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Lymphangitis Carcinomatosa

Lymphangitic carcinomatosa

Related Terms: Lymphangitis, lymphedema, Lymphangitic carcinomatosa, Carcinomatosa, Nebulization Chemotherapy, Squamous cell lung cancer, Transbronchial lung biopsy, broncoscopy, transbronchial biopsy or thoracoscopic wedge resection.

This is rapidly progressive and is a very rare “cancer” where there is an extensive lymphatic permeation by tumor cells. The cancer has surrounding fibrosis and produces visable cords. The condition is most commonly seensecondary to adenocarcinomas such as: breast cancer, gastrointestinal tract adenocarcinomas, bronchogenic adenocarcinoma, prostate cancer, ovarian adenocarcinoma. The most commonly affected organs are reported to be breasts, lungs, colon and stomach.

Because it involves the lymphatic system, leg lymphedema is more of a common complication.

Clinical presentation

Some patients experience dyspnoea, others abnormal pulmonary functions tests.

Because it does involve the lymphatics (lymphatic dilatation), pleural effusions are common.


Chest radiography is the preferred examination for the diagnoses of pulmonary metastases. Other radiology tests mayh include a CT Scan, PET scan or the use of an ultrasound. For diagnosing early stages of lymphangitis carcinomatosa, a high resolution CT (HRCT) may be used. A broncoscopy may also be a diagnostic tool.

Others useful diagnostic tools include a transbronchial biopsy or thoracoscopic wedge resection. While it is useful, transthoracic needle aspiratons yield (85-90%) in evaluating pulmonary nodules, the yield is lower with lymphangitis tumour spread in lymphangitis carcinomatosa.

Diagnostic radiography may have these specific findings: thickening of the peribronchovascular interstitium surrounding vessels and bronchi in the parahilar lung; interlobular septal thickening (Fig.1 a,b) and subpleural interstitial thickening that is smooth, or nodular; thickening of the peribronchovascular axial interstitium in the centrilobular regions; and a preservation of normal lung architecture at the lobular level, despite the presence of these findings.

Hilar lymphadenopathy is visible on CT in only 50% of patients with lymphangitic carcinoma. Lymph node enlargement can be symmetrical or asymmetrical. pleural effusion may also be present. (3)

CT findings may include: Irregular, nodular, and/or smooth interlobular septal thickening; Thickening of the fissures from infiltration of lymphatics in the subpleural space; Peribronchovascular thickening which predominates over interlobular septal thickening in a minority of patients; Polygonal arcades or polygons with prominence of the centrilobular bronchovascular bundle in association with interlobular septal thickening (50%); Mediastinal and/or hilar lymphadenopathy (30-50%); Pleural effusions (30-50%); Laminar pleural effusions are common; Nodular opacities.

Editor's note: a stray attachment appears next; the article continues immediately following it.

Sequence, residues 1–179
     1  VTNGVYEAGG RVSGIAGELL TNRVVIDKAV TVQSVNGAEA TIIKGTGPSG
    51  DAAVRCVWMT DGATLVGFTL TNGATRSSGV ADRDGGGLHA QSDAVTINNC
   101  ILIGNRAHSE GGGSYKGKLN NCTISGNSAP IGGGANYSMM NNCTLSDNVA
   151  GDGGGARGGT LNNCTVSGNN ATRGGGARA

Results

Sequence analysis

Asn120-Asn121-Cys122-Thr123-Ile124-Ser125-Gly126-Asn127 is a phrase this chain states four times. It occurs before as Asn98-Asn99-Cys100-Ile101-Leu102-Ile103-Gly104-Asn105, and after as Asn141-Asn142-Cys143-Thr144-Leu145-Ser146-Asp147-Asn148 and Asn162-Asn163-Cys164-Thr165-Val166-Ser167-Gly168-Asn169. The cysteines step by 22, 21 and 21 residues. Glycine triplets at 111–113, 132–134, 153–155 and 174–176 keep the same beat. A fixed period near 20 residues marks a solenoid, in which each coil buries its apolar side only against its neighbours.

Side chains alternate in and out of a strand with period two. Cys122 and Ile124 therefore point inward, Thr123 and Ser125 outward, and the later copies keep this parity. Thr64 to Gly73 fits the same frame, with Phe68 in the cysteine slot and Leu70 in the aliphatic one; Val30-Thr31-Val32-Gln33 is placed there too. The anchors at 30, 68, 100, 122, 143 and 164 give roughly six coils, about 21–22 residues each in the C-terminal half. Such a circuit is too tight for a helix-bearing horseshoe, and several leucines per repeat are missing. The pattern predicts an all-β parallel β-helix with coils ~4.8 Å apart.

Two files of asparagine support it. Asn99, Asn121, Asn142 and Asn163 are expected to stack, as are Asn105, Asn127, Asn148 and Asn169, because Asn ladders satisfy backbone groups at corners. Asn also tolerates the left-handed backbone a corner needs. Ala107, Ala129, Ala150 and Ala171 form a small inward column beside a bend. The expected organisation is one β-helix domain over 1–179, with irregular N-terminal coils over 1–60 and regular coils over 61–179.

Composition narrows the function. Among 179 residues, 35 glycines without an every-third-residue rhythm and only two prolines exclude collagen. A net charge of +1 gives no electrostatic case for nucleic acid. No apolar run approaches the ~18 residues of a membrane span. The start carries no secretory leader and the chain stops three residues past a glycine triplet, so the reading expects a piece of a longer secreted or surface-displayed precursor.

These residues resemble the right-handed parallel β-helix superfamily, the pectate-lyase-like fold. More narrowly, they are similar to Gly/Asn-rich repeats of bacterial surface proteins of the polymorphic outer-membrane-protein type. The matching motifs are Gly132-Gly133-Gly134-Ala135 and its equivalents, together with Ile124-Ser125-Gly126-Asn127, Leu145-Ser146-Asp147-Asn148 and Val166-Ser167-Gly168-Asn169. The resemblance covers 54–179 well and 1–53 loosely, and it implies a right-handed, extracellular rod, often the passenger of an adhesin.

Differential Diagnoses

The differential diagnosis of LC includes sarcoidosis and other chronic interstitial lung diseases such as silicosis, coal worker’s pneumoconiosis, extrinsic allergic alveolitis (hypersensitivity pneumonitis), and cryptogenic fibrosing alveolitis, as well as other neoplasms such as lymphoma and Kaposi sarcoma. (2)


Treatment may include the standard chemotherapy - both systemic and nebulization. Nebulization chemotherpy involves the inhalation of 5-Flourouracil (5-FU).

The patient may require treatment for the pleural effusions as well.

For the lymphedema, the patient should be referred to a certified lymphedema therapist for an evaluation and subsequent manual decongestive therapy.

Prognoses -Morbidity - Mortality

One study indicated that 50% of patients die within three months after their first respiratory symptoms, but lymphangitis carcinomatosa in other organs may have good remission with prompt hormonal therapy. (1)

(1) NIH (2) eMedPub (3) Medcyclopedia

Abstracts and Articles

Lymphangitis Carcinomatosis as a Complication of Malignant Pleural Effusion April 2011


Lymphangitis carcinomatosis (LC) is a rare and often fatal form of pulmonary metastases. Author describes this as a case of left sided malignant pleural effusion with unknown primary which after follow up of two months developed lymphangitis carcinomatosis on right side. Despite extensive search of literature author could not find any information to explain the occurrence of lymphangitis carcinomatosis as in this case where the primary could not be traced. There has been literature on the association of lymphangitis carcinomatosis with pleural effusion, but there has been no literature reporting the occurrence of lymphangitis carcinomatosis after or as a complication of malignant pleural effusion.

Full text article:


Case report : Nebulization chemotherapy for lymphangitis carcinomatosa 1999

S Ramkumar, Donald J Fernandes; Department of Radiotherapy and Oncology, Kasturba Medical College, Manipal-576719, Karnataka, India

Keywords: Lymphangitis Carcinomatosa, Nebulization Chemotherapy

Lymphangitis carcinomatosa is a rare, aggressive and often fatal form of pulmonary metastases [1]. Although treatment modalities used for lymphangitis vary, no form of treatment has consistently had any impact on survival.

We report on a primary breast cancer patient with lymphangitis carcinomatosa who was treated using a unique technique: nebulization chemotherapy, in addition to systemic chemotherapy and supportive care in order to achieve rapid, sustainable improved response.